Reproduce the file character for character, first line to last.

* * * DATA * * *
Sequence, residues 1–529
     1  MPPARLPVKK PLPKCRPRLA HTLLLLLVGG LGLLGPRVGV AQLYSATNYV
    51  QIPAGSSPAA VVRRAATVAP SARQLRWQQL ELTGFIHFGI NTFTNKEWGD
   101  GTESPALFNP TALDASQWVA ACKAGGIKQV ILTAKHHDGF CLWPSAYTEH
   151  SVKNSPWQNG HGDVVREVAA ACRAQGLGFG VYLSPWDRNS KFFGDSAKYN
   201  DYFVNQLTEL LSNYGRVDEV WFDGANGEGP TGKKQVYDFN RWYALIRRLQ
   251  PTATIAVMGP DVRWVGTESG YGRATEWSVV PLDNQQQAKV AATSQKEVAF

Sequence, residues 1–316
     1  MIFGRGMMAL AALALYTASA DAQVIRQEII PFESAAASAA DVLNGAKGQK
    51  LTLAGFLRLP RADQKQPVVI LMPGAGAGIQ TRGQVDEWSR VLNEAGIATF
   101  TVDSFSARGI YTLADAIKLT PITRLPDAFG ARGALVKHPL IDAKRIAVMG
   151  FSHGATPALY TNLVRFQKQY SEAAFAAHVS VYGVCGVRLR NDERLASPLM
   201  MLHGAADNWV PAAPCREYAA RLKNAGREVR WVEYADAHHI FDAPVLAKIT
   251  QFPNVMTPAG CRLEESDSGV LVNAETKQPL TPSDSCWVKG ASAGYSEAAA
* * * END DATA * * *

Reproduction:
Sequence, residues 1–529
     1  MPPARLPVKK PLPKCRPRLA HTLLLLLVGG LGLLGPRVGV AQLYSATNYV
    51  QIPAGSSPAA VVRRAATVAP SARQLRWQQL ELTGFIHFGI NTFTNKEWGD
   101  GTESPALFNP TALDASQWVA ACKAGGIKQV ILTAKHHDGF CLWPSAYTEH
   151  SVKNSPWQNG HGDVVREVAA ACRAQGLGFG VYLSPWDRNS KFFGDSAKYN
   201  DYFVNQLTEL LSNYGRVDEV WFDGANGEGP TGKKQVYDFN RWYALIRRLQ
   251  PTATIAVMGP DVRWVGTESG YGRATEWSVV PLDNQQQAKV AATSQKEVAF

Sequence, residues 1–316
     1  MIFGRGMMAL AALALYTASA DAQVIRQEII PFESAAASAA DVLNGAKGQK
    51  LTLAGFLRLP RADQKQPVVI LMPGAGAGIQ TRGQVDEWSR VLNEAGIATF
   101  TVDSFSARGI YTLADAIKLT PITRLPDAFG ARGALVKHPL IDAKRIAVMG
   151  FSHGATPALY TNLVRFQKQY SEAAFAAHVS VYGVCGVRLR NDERLASPLM
   201  MLHGAADNWV PAAPCREYAA RLKNAGREVR WVEYADAHHI FDAPVLAKIT
   251  QFPNVMTPAG CRLEESDSGV LVNAETKQPL TPSDSCWVKG ASAGYSEAAA